New York Times ja mm. Computer World on tuoreissa artikkeleissaan käsitelleet Meksikonlahden öljykatastrofin taustoja. Erään teknisen johtohenkilön todistuslausunnon mukaan öljynporauksessa tarvittu tietotekniikka oli ollut kokolailla heikossa hapessa jo viikkoja ennen itse onnettomuutta. Niinpä nyt keskustellaankin siitä oliko Windows-järjestelmän blue screen of deathillä merkittäväkin osuus siihen, ettei ennakkovaroitusta katastrofin mahdollisuudesta saatu.
Problems existed from the beginning of drilling the well, Mr. Williams said. For months, the computer system had been locking up, producing what the crew called the “blue screen of death.”
----In his testimony Friday, Michael Williams, the chief electronics technician aboard the Transocean-owned Deepwater Horizon, said that the rig's safety alarm had been habitually switched to a bypass mode to avoid waking up the crew with middle-of-the-night warnings.
Williams said that a computer control system in the drill shack would still record high gas levels or a fire, but it would not trigger warning sirens, according to numerous reports, including stories published by the New York Times and New Orleans' largest daily, the Times-Picayune.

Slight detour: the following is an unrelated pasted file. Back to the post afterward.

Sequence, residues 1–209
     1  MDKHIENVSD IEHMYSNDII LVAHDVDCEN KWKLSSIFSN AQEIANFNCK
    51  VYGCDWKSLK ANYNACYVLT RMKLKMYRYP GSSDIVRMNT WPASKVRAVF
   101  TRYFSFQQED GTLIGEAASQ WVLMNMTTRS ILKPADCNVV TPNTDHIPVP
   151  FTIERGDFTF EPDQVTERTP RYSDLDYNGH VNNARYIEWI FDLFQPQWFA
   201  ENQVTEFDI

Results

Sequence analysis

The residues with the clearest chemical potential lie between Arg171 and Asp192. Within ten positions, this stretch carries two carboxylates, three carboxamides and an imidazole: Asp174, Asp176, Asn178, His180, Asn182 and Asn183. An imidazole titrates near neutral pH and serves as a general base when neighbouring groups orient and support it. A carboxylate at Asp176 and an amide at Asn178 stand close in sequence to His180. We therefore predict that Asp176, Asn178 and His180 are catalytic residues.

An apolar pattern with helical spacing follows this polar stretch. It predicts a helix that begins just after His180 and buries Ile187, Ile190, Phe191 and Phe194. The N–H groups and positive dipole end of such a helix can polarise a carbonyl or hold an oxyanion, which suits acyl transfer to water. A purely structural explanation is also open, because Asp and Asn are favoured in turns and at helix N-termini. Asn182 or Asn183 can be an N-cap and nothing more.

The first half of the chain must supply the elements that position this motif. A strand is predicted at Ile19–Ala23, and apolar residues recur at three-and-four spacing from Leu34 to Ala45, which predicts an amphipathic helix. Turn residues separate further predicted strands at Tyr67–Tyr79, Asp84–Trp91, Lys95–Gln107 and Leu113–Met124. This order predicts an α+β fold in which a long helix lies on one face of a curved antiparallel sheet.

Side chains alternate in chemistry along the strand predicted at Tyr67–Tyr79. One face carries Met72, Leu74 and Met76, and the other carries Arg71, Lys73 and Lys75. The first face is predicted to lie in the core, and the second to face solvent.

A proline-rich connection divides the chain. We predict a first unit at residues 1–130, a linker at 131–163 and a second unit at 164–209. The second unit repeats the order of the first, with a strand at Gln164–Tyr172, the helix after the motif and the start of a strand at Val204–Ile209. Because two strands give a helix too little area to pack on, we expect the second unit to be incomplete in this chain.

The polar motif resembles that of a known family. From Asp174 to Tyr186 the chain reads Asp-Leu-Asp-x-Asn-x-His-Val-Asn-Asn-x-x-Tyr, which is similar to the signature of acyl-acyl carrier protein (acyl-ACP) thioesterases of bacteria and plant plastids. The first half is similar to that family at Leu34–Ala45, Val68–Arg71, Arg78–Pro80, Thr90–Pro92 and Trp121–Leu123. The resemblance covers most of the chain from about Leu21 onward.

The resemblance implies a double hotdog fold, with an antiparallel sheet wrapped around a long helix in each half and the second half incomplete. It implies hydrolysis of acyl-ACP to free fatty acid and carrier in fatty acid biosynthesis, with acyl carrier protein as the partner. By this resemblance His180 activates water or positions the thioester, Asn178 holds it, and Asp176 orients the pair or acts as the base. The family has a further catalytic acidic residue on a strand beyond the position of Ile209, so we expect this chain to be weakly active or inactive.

Williams, who has filed a multi-million dollar federal lawsuit against Transocean, also said that five weeks before the April 20 explosion, he had been called to check a computer system that monitored and controlled drilling.
The machine had been locking up for months, Williams said, producing what he and others on the crew called a "blue screen of death." "It would just turn blue. You'd have no data coming through," Williams said today, according to the New York Times' story.
“It would just turn blue,” he said. “You’d have no data coming through.”
Replacement hardware had been ordered but not yet installed by the time of the disaster, Mr. Williams said.